AT&T: The Good, the Not-So Bad, and the Darn-Near Pretty

7 Feb

Go to Google. Type in “I Hate AT&T” (with the quotation marks) and you’ll get around 209,000 hits. That’s a lot of dissatisfied customers. And it’s the given reason why so many iPhone users will switch to Verizon later this month.

But now key in “I Hate Verizon” (inside the quotes) and, if you’re like me, the search engine will return 207,000 results. Within the context of the Internet, that’s an equal amount of expressed dissatisfaction. Maybe those angry iPhone users might want to reconsider their plans.

When Cathie and I arrived in the Willamette Valley we were Cingular Wireless customers with another year to run on our contract. Luckily my company set me up with two landlines because Cingular’s cell towers could not get a strong enough signal to our house. But within a year, the company improved its technology and we got decent, though not great reception. However, I was skeptical and called the company to express my doubts about continuing with its service once our commitment expired.

Instead of getting a bunch of excuses, I got an intelligent description of how Cingular planned to continuously update its technology in our area. Plus, I got an attractive offer for new phones and cheaper rates.

Over the years, even after Cingular became AT&T Wireless and then just AT&T, our service has improved. While riding my mountain bike in narrow ravines or my road bike on remote country roads in the region I seem to be able to get a good enough signal when I need it, whether I was using a Nokia candy bar cell phone, a Samsung flip phone, and, of course, my current iPhone. And I don’t think I’ve had a dropped call in five years. Maybe longer.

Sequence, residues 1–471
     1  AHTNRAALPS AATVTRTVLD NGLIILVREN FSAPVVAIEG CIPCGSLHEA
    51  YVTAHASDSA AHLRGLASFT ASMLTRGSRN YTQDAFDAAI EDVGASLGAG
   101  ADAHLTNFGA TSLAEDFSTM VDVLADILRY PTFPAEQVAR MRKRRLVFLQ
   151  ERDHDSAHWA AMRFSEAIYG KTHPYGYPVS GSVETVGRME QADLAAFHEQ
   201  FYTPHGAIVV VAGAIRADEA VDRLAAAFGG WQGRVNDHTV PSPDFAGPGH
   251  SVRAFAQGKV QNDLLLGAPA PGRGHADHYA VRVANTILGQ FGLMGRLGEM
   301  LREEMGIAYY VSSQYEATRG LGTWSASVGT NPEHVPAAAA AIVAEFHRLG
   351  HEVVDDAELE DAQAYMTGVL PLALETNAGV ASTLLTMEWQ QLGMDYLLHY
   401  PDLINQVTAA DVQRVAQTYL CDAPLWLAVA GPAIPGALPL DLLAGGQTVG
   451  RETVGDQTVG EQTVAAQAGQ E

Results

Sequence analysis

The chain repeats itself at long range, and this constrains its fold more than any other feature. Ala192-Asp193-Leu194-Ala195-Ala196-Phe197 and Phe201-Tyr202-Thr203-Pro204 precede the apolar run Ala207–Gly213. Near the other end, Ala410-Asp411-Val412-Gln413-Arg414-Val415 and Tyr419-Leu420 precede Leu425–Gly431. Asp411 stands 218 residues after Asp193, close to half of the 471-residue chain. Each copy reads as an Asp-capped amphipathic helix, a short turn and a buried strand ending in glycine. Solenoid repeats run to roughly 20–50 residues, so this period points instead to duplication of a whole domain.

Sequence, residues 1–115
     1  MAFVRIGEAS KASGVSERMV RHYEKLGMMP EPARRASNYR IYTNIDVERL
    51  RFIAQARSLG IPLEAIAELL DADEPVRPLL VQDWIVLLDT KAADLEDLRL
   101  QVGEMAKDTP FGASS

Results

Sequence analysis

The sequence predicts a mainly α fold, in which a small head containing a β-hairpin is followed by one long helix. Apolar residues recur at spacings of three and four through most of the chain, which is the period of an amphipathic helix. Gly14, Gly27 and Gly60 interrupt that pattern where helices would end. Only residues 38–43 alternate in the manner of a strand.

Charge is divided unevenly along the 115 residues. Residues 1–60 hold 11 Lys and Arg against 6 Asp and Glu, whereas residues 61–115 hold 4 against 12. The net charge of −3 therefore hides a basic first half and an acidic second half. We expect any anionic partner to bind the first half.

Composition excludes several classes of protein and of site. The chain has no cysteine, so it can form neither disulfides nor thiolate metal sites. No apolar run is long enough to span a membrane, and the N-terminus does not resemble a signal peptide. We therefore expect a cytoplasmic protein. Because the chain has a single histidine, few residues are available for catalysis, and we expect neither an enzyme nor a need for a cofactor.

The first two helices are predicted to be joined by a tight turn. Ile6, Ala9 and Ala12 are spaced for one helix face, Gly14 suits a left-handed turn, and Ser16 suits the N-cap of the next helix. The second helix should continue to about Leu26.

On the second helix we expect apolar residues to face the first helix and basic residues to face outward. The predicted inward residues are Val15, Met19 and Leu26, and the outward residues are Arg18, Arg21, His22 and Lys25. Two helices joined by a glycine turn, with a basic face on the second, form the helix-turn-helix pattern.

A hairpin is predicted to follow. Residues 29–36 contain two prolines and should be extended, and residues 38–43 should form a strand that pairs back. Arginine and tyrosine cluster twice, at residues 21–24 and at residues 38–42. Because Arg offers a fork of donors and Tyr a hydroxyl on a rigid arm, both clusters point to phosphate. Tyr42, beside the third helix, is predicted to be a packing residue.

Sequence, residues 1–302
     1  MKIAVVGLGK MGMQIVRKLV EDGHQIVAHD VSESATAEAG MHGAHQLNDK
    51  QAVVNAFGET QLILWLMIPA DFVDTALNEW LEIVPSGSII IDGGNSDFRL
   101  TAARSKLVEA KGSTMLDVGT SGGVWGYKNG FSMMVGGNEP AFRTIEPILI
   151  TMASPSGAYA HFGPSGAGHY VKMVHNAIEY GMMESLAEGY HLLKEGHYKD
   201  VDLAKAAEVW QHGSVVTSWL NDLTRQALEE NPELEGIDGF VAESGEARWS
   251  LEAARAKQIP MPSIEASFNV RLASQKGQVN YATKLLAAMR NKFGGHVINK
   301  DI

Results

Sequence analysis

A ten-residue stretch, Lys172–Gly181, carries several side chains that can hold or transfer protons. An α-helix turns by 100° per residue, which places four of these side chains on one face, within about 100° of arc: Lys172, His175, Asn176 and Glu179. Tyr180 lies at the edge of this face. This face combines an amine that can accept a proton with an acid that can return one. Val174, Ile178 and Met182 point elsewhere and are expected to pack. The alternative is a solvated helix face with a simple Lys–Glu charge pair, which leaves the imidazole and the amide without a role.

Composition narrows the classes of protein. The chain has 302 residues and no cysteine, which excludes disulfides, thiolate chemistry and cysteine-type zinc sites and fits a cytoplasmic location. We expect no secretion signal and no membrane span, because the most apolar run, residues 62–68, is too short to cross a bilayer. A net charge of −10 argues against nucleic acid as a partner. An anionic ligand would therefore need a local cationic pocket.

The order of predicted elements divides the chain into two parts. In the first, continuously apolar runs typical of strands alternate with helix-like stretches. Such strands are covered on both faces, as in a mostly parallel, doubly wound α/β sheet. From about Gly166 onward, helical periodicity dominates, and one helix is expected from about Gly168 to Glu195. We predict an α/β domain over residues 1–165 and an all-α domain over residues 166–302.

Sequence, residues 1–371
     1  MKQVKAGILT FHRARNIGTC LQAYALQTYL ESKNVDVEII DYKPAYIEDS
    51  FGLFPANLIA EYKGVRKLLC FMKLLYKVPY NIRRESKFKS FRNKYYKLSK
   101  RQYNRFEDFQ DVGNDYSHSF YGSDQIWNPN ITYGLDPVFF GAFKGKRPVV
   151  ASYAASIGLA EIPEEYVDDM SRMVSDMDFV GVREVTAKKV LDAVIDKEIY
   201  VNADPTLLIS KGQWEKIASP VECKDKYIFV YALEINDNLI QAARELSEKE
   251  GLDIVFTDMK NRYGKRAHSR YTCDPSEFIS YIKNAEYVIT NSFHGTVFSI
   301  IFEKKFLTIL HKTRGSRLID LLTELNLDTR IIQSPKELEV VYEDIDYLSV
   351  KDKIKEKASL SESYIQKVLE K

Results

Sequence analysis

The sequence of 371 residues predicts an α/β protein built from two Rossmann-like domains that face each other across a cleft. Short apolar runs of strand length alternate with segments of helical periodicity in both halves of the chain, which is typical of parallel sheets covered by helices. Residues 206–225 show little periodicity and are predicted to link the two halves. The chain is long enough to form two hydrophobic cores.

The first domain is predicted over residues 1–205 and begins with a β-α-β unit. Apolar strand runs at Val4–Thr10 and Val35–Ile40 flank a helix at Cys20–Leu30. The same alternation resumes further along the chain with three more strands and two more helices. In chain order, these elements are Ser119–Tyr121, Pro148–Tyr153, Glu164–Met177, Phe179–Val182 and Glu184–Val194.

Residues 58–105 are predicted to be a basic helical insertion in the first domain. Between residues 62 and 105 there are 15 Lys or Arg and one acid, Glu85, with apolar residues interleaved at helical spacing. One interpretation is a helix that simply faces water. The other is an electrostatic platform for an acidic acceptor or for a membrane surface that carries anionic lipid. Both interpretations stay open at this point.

On the rare occasions when I visit an AT&T retail store I’ve found the staff competent and eager. Most recently I dropped by to reduce my monthly data usage fee and I was treated as if I was upgrading to a top-of-the-line contract. Also, the company’s website is  comprehensive, responsive, and easy to use.

So, why does AT&T’s service get such bad press and attract the ire of folks like comedian Jon Stewart? I know a couple new Verizon users who tell me they regret their change. Not, they say, because the service is worse than they got from AT&T but because it’s about the same.

Here’s my theory: some people expect a wireless cell phone to be as rock solid as the land line they grew up with. When it isn’t, they get angry. But their fanciful expectations taint their relationship with the service provider…forever. AT&T and Verizon, being among the biggest wireless companies in the U.S., receive the brunt of this customer dissatisfaction.

Think I’m wrong? Key “I Hate Nextel” into Google. Only 18,100 people have expressed their ire about its service in that manner. Do the same for T-Mobile and Google yields 65,000 hits. Will you change to either of its offerings because fewer people whine about their service? I won’t. One friend who uses T-Mobile couldn’t get any signal at my house. These carriers may have far fewer angry customers than AT&T or Verizon, but there’s a reason for it. They have fewer people to piss off.

And just to be clear: I have no business relationship with AT&T. I don’t own its stock. I’m just a long-time satisfied customer. Imagine that.

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